Elfrieda, you obviously made music and didn’t just listen to it. I considered adding a photo of the vintage Steinway upright piano, a recent purchase that stands next to the record player. Nik’s mother was the director of music at their church and plays to Lydia when she visits. Nik and Kate can both play, and I hope Lydia will learn to enjoy her own voice and playing an instrument or several. She’ll certainly be given opportunities.

      I’m glad your songbirds are continuing the tradition you established in your family long ago. Most feel wonderful to hear them — “as natural as breathing.”

  5. Merril Smith on May 18, 2018 at 6:09 am

    Priscilla Heardman, Stardreamer, lullaby type songs. Our kids liked some Pete Seeger songs, too–and Abiyoyo! And for older kids, Troutfishing in America (A duo, not the book). Also, for school age kids, there’s Kids Corner, a call-in kids radio show from WXPN in Philadelphia.
    My sister and I listened to lots of old musicals (The Sound of Music, West Side Story, Fiddler on the Roof, etc.) on a portable record player, and then I watched and listened to them with our kids. Both girls did all the music activities at school and majored in theater. 😉

    • Shirley Showalter on May 18, 2018 at 9:23 am

      You’ve made some great contributions to the Amazon Prime Playlist in the making, Merril. Thank you!

  6. Roveen Yoder on May 18, 2018 at 10:55 am

    For Baby (For Bobbie) Mary (of Peter, Paul and Mary The Best of Peter, Paul and Mary
    Together Tomorrow Kim Thiessen To Such as These
    [ Really this entire album ]

    May there Always be Sunshine Dr. Jean Keep on Singing and Dancing

    All Through the Night Tina Malia Lullaby Favorites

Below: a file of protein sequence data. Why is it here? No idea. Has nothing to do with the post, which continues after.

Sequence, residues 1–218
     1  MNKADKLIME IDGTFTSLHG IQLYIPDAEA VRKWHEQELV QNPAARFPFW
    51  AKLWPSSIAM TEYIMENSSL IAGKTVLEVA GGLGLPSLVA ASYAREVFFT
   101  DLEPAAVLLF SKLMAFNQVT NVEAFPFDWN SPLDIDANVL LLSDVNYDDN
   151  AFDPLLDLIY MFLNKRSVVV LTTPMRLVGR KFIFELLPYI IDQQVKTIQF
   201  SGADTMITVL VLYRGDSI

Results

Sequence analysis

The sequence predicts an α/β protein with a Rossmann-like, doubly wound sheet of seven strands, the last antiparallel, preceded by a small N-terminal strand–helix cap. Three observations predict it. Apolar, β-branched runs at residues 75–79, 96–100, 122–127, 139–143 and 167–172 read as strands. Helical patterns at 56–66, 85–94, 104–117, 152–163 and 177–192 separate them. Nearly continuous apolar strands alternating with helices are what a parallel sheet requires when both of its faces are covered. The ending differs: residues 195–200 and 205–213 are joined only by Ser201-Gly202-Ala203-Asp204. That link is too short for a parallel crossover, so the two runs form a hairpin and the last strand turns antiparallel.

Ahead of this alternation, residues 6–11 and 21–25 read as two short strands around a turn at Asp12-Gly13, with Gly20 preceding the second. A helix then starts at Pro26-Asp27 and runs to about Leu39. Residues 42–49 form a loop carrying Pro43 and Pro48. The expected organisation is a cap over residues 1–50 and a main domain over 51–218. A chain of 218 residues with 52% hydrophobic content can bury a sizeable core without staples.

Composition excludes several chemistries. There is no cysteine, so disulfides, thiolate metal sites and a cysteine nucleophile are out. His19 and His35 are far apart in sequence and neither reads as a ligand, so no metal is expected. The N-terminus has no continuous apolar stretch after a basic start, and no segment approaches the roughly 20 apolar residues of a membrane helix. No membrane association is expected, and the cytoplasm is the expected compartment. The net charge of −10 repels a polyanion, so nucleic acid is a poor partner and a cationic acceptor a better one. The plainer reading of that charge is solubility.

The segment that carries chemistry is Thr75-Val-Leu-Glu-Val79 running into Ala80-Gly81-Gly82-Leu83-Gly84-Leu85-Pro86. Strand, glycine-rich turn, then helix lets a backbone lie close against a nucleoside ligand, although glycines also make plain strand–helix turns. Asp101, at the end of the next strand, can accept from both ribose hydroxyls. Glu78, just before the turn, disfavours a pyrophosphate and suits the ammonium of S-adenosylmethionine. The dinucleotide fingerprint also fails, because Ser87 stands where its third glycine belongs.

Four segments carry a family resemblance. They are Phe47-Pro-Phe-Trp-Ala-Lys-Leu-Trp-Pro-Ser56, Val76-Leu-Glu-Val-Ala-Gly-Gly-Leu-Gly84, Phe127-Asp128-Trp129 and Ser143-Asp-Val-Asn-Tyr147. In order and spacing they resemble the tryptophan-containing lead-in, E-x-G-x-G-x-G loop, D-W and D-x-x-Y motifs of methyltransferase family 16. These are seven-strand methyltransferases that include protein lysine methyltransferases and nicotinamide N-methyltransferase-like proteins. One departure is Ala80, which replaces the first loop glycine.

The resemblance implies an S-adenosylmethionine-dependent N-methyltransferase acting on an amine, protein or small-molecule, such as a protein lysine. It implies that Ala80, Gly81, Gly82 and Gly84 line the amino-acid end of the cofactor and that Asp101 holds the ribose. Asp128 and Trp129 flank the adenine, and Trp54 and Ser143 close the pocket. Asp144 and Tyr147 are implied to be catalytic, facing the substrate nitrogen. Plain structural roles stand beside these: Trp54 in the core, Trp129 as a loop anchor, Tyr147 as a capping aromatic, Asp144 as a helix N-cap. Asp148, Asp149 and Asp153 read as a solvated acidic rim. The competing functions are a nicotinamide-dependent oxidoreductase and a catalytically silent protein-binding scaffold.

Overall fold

And for the Morning – Morning Magic Album by Joanie Bartels

    I apologize if some of these are already listed

  7. Greta Holt on May 23, 2018 at 1:27 pm

    B-I-N-G-O, This Little Light of Mine, and A Frog Went A-Walkin’! What a fun post, Shirley.

  8. Gloria Horst Rosenberger on May 27, 2018 at 12:16 am

    For my children it was Your Are My Sunshine, Amen, Sleep My Child And Peace Attend Thee, and Jesus Loves me. I still love to sing You Are My Sunshine to my grandchildren. A few months ago when I started to sing Jesus Loves Me to my 3 year old grand daughter, Ziva, she stopped me and told me that is a baby song. When I asked her what shall I sing, she said, Alleluia, and she started to sing our “606”, Praise God From Whom All Blessings Flow. She sang it from the beginning, all the way though to the end in perfect tune. Her mother sings from the Hymnal for Worship Book every night as part of the bedtime routine. Singing with children is a marvelous relationship-building mechanism.

    • Shirley Showalter on May 27, 2018 at 6:31 pm

      What a wonderful gift Laura is giving to her children, Gloria. And obviously she learned to sing from you. Thanks for sharing this amazing story about Ziva. I would love to listen to her sing all those Alleluias!

      I’ll have to check to see if the playlist above has Amen and Sleep My Child.

      Thanks for sharing these,